He calls the Harrisburg plan a blueprint for future governance.
“We can’t fix a problem that’s gone back 30 years, but we can provide tools, such as a four-year balanced budget and four years of reasonably rigid controls. Future city councils and future mayors will have to manage the city effectively.”
While the Lynch team is optimistic about obtaining final approval, the three also hedge that optimism.
Asked what could go wrong, Goldfield said: “Anything and everything.”
For openers, the rapid rise in bond interest rates since Federal Reserve chairman Ben Bernanke on June 19 announced the Fed’s intention to phase out quantitative easing could make creditors skittish about signing off.
“I check the [Municipal Market Data] index twice a day. It’s probably not healthy to do that,” said Goldfield.
Skeptics still abound. The City Council, long an opponent of receivership, hired Alvarez & Marsal LLC to scrutinize the plan. The workout firm endorsed it, giving a skeptical body a needed second opinion.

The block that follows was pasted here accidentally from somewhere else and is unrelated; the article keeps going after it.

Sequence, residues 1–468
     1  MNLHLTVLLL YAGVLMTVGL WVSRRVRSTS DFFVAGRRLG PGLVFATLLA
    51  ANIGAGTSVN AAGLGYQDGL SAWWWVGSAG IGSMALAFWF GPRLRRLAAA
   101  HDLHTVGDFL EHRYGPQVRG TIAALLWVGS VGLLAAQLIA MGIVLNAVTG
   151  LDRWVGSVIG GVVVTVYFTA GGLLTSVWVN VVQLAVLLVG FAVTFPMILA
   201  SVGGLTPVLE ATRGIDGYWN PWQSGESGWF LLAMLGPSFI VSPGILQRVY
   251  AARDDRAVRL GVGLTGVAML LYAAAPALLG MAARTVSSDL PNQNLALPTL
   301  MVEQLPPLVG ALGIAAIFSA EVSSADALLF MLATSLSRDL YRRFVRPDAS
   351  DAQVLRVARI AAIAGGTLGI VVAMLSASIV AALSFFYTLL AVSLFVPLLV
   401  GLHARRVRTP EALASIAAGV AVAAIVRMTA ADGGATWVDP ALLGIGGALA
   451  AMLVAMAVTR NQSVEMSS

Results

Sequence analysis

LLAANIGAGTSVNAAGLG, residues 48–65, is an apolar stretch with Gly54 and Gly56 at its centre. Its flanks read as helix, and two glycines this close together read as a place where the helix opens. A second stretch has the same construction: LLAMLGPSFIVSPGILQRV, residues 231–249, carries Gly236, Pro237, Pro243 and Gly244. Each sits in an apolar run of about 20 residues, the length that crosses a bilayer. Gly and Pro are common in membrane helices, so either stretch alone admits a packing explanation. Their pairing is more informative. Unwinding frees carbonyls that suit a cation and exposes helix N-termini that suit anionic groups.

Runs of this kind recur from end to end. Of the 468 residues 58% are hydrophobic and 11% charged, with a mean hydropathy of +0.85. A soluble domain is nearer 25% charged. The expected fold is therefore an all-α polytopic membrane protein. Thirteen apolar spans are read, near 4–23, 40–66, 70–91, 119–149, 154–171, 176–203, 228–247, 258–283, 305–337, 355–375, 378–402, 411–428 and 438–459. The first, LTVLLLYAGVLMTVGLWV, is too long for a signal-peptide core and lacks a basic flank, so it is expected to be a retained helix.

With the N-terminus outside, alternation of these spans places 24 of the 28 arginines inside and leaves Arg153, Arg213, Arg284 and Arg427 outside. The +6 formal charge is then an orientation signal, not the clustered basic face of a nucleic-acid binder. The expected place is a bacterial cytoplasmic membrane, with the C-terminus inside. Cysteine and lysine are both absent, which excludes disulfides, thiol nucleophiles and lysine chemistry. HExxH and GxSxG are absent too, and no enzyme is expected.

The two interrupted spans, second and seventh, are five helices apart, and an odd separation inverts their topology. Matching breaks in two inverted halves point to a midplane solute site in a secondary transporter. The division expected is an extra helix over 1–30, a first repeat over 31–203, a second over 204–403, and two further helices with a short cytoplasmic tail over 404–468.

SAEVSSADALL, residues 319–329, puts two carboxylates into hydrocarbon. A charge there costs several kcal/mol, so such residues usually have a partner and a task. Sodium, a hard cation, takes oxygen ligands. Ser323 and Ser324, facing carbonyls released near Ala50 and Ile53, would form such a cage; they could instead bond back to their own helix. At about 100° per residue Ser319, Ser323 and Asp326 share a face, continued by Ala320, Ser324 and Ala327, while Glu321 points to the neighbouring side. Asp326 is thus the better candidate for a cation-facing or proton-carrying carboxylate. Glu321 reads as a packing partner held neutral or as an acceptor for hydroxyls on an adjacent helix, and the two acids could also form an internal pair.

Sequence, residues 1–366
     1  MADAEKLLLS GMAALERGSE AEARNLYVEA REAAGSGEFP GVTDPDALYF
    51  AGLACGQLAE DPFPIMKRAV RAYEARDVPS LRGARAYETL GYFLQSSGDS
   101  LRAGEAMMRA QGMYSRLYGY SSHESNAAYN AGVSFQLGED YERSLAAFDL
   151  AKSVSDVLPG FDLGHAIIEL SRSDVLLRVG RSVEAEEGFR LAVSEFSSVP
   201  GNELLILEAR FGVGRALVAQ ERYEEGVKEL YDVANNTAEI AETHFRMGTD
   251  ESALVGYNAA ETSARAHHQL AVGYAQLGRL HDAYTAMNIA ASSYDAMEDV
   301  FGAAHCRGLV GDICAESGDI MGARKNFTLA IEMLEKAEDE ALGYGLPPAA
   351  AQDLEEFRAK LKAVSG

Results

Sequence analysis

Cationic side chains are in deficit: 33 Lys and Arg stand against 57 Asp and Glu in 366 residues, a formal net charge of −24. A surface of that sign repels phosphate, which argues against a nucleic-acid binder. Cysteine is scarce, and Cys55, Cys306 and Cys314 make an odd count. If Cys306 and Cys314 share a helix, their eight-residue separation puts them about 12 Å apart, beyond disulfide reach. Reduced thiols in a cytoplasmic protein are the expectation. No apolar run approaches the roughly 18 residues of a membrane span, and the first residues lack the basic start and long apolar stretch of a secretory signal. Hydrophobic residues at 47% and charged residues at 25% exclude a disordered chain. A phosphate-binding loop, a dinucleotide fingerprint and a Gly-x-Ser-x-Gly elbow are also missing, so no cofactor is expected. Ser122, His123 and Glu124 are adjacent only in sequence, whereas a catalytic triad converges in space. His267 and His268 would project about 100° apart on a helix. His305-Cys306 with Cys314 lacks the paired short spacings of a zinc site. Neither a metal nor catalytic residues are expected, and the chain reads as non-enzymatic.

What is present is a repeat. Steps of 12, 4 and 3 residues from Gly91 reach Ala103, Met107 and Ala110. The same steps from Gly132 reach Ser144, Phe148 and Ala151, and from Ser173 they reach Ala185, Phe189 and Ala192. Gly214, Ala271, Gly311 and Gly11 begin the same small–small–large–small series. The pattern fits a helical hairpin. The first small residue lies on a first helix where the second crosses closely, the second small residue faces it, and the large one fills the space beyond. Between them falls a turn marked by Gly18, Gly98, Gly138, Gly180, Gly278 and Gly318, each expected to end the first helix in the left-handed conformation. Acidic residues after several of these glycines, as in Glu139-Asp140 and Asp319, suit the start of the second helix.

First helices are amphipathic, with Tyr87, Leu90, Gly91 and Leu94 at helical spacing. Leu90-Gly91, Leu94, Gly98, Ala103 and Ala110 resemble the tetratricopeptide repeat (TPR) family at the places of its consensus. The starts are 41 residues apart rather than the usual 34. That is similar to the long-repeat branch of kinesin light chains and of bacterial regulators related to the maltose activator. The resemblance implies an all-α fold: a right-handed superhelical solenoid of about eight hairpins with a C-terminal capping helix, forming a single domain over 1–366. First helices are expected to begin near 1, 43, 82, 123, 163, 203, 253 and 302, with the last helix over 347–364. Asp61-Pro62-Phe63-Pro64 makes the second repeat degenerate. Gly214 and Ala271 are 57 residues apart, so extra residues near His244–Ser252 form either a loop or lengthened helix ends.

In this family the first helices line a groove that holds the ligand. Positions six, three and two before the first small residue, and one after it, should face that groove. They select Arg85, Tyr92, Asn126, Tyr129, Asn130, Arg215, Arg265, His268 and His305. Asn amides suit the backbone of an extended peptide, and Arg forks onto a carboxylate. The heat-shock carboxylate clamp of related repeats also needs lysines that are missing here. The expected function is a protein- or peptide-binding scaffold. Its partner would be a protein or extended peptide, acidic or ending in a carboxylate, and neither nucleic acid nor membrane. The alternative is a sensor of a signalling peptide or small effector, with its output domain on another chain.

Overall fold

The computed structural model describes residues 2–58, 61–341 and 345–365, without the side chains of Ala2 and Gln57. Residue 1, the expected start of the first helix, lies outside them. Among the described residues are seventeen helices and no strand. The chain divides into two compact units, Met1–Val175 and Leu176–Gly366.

City Controller Dan Miller, who lost a Democratic mayoral primary but is challenging nominee Eric Papenfuse from the Republican side in November, questions why creditors should get the opportunity long-term to be made whole.
“The burden is placed disproportionately on the residents and taxpayers of this city,” Miller wrote in a letter to the City Council. “As willing participants in the incinerator retrofit financing deal at the root of many of the city’s financial woes, shouldn’t the plan require these creditors to make substantial concessions?”
Other creditors include CIT Group Inc., Ambac Assurance Corp., Metro Bank, SunTrust Leasing and Covanta Energy Inc.
Some residents worry about paying the most expensive tipping fee in the country, $190 a ton.
Wariness abounds locally about anything Wall Street. Last week the council’s newest member, Bruce Weber, invoked a scene from the organized crime movie “Goodfellas” while questioning the parking deal at an evening work session. “Many people feel that way when they’re dealing with sophisticated Wall Street types,” said Weber, who works full-time as a fiscal analyst for the state Department of Revenue.
Receivership emerged late in 2011 after the City Council three times – all by 4-3 votes -- rejected a workout plan proposed under the state-sponsored Act 47 program for distressed municipalities. But Brad Koplinski, a councilman who vigorously fought receivership, likes what he sees in Lynch.